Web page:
When searching for commercial property to rent, it’s important to have a budget in mind. It’s also vital to be aware of all the costs involved with leasing commercial premises, so you don’t encounter any unpleasant financial surprises further down the line.
Likewise, if you’re a landlord, it’s handy to know what fees you’ll need to pay in order to successfully lease your property.
With that in mind, here’s a guide to the fees involved, to help both parties budget more effectively.
The two key costs for tenants – rent and business rates
There are two main fees associated with renting a commercial property. These are rental rates and business rates.
It’s common practice for a landlord to request proof that you’ll be able to pay your rent. If you find it difficult to obtain proof (e.g. if you’re a start-up venture), then a guarantor may come in useful. This could be a parent company or investor, for example.
You might also be required to provide a deposit at the start of the tenancy, which is returned when the lease has expired. This deposit is usually between three- and six-months’ rent.
How is rent collected?
Unlike residential rent (which is typically collected monthly), commercial rent is collected on a quarterly basis. Normally, you’ll pay your service charges at this time too. Bear in mind, the landlord doesn’t legally have to provide an invoice. If it stipulates in the contract that you owe rent on a certain date, it’s your responsibility to pay it.
When setting up your business, you’ll also need to make provision for business rates. These rates are established by the VOA (Valuation Office Agency) and are reviewed fairly regularly.
Other costs involved with commercial tenancy – tenants
There are some other fees associated with renting commercial premises, which need to be factored into the overall budget. These are:
- Solicitor / Surveyor fees
You might want to hire a surveyor to inspect the property, or a solicitor to handle the terms of the contract on your behalf. Be aware that their fees can be costly – sometimes as high as a tenth of the annual rent.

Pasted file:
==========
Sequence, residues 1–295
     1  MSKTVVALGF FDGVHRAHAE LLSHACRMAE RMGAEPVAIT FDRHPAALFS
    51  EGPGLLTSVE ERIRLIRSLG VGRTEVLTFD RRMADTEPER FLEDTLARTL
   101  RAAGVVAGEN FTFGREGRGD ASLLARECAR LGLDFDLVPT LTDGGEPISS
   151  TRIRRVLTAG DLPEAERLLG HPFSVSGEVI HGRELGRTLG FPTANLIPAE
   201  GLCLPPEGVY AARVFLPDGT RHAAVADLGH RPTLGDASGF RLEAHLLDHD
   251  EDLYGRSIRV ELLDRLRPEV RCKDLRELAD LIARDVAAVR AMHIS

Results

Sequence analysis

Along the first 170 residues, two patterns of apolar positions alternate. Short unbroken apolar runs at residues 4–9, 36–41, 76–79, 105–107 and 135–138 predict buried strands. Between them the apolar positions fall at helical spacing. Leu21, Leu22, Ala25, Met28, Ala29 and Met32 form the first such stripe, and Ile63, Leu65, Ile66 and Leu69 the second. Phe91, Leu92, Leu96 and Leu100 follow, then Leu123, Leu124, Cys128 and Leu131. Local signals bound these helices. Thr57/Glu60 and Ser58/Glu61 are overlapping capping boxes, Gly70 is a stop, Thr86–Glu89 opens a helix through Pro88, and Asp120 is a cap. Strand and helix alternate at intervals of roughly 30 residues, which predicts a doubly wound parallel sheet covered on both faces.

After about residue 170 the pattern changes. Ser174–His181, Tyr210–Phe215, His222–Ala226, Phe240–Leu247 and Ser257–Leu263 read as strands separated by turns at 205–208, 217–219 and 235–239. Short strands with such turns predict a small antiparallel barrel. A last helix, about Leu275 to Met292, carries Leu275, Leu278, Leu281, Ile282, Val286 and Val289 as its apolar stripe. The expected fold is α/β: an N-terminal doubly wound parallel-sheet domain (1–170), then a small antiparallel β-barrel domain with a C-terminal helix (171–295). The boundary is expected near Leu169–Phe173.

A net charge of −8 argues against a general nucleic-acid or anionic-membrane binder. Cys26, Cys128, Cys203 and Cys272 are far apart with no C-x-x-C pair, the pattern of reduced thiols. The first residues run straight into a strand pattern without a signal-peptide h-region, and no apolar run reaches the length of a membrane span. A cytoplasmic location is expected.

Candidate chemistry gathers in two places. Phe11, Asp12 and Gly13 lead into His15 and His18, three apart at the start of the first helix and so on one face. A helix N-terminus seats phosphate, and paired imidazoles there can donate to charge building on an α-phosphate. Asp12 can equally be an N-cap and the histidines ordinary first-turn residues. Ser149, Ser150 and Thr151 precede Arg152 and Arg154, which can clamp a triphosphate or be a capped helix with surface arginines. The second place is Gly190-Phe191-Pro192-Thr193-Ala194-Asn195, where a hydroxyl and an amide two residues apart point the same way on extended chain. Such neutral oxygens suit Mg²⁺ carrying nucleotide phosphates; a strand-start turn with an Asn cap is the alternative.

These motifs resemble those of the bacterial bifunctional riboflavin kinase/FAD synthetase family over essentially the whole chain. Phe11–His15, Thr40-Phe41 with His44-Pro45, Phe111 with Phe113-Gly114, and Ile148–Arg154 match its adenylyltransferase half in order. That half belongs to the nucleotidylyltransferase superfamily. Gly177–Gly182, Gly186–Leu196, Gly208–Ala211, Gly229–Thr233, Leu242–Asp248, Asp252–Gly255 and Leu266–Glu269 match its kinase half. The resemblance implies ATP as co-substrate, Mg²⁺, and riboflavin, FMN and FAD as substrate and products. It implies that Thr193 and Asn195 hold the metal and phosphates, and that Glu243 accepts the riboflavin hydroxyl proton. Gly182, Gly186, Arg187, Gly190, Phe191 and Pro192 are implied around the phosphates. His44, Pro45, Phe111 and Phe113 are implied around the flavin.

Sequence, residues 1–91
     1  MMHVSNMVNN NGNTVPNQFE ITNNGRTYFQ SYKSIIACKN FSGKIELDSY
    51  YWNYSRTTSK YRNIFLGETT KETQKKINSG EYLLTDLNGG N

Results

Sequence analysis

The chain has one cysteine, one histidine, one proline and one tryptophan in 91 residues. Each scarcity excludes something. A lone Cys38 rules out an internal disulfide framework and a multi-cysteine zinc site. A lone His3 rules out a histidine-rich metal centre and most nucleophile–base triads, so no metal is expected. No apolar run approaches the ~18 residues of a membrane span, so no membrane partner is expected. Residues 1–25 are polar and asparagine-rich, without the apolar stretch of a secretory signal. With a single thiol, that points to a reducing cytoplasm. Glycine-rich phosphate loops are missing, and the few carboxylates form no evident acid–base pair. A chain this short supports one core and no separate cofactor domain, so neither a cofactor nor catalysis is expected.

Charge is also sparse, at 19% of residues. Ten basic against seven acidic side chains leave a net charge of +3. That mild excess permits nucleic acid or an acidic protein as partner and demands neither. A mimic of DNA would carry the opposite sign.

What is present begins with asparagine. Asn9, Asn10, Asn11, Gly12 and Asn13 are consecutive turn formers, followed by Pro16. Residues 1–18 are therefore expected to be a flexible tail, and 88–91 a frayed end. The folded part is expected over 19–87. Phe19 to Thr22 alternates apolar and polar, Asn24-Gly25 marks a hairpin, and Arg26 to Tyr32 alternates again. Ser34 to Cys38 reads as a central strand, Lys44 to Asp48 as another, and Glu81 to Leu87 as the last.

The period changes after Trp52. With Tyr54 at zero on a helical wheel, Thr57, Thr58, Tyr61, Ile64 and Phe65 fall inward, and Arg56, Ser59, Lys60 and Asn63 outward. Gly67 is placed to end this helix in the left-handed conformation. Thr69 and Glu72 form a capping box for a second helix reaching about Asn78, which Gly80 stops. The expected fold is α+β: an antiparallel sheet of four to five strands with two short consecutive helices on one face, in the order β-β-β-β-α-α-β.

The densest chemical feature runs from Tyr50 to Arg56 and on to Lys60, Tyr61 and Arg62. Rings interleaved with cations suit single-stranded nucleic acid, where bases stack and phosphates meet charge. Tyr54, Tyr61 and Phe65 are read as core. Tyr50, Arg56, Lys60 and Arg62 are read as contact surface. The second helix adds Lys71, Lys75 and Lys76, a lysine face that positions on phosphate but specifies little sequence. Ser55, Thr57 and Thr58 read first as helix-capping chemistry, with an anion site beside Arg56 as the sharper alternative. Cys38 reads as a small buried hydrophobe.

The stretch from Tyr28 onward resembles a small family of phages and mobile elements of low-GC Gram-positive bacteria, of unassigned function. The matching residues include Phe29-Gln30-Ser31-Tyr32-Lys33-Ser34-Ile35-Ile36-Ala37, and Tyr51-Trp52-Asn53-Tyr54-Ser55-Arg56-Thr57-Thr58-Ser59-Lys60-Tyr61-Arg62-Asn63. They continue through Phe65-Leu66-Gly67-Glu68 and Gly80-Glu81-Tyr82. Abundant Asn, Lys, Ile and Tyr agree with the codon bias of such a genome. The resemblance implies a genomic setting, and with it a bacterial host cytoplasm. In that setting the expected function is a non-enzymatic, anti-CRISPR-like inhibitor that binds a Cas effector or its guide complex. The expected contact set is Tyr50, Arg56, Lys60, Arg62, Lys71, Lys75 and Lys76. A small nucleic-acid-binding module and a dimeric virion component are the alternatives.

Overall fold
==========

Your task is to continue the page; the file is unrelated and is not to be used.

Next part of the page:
- Acquisitions Agent
Often when negotiating a commercial lease, it is easiest to have a representative who helps find the ideal property for you and negotiates on your behalf, especially if this is a process which you do not have experience in. Their fees are usually a percentage of the annual rent.
Insurance is important, especially if you hold stock or valuable assets in the premises. As such, you’ll need to factor contents insurance into the price. Some landlords may also require you to contribute towards the building insurance – make sure you check before agreeing to the terms.
It’s likely that you’ll need to pay for utilities, such as gas, electricity, telephone connections and the internet. Try to forecast how much you’ll need to spend each month on these bills, as it’s useful to get an idea before committing.
If the premises are elected for VAT, then you’ll need to add VAT to your rental rate, and your service charges too. Not sure if this applies to you? Remember to make your own enquiries or ask your Acquisitions Agent, right from the start.
Usually, it’s the landlord who pays for an Energy Performance Certificate. However, this isn’t always the case, so it’s a good idea to check before signing the contract.
Costs that landlords should consider
If you’re a landlord, here’s a list of fees and costs that need to be taken into account when leasing a commercial property:
Work covered by the service charge
If you’re asking for a commercial service fee from your tenant, you’ll need to pay for the agreed services to be carried out. Depending on your contractual agreement, this might include:
- Heating or air conditioning
Property management costs
Most commercial landlords choose to work with a property management company, as it takes the stress out of the leasing process. Agents tend to structure their fees in a number of ways including:
This is a popular choice, as it means landlords know exactly what they’ll be paying each month, and what services are included in the cost.
In this instance, the agent agrees to take a percentage of the rental revenue.
Property management offers numerous advantages, both for the landlord and the tenant.
Leasing a commercial property
Regardless of whether you’re a tenant or a landlord, it’s vital to consider your outgoings. If you’re unsure of the costs involved, talk to the RIB team today. We’re on hand to answer all of your questions, and to discuss our property management services too.